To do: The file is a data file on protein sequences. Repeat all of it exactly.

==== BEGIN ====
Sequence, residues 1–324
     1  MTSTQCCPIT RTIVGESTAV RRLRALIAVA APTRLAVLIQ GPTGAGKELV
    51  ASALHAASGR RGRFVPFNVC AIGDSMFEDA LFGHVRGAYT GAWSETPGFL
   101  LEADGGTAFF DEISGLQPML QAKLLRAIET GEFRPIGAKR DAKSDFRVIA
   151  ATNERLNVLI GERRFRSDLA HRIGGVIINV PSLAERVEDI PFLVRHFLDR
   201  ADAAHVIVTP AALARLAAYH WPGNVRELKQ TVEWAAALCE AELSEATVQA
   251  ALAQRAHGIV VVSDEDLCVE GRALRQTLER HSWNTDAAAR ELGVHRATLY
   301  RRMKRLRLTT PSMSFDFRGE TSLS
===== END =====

Sequence, residues 1–324
     1  MTSTQCCPIT RTIVGESTAV RRLRALIAVA APTRLAVLIQ GPTGAGKELV
    51  ASALHAASGR RGRFVPFNVC AIGDSMFEDA LFGHVRGAYT GAWSETPGFL
   101  LEADGGTAFF DEISGLQPML QAKLLRAIET GEFRPIGAKR DAKSDFRVIA
   151  ATNERLNVLI GERRFRSDLA HRIGGVIINV PSLAERVEDI PFLVRHFLDR
   201  ADAAHVIVTP AALARLAAYH WPGNVRELKQ TVEWAAALCE AELSEATVQA
   251  ALAQRAHGIV VVSDEDLCVE GRALRQTLER HSWNTDAAAR ELGVHRATLY
   301  RRMKRLRLTT PSMSFDFRGE TSLS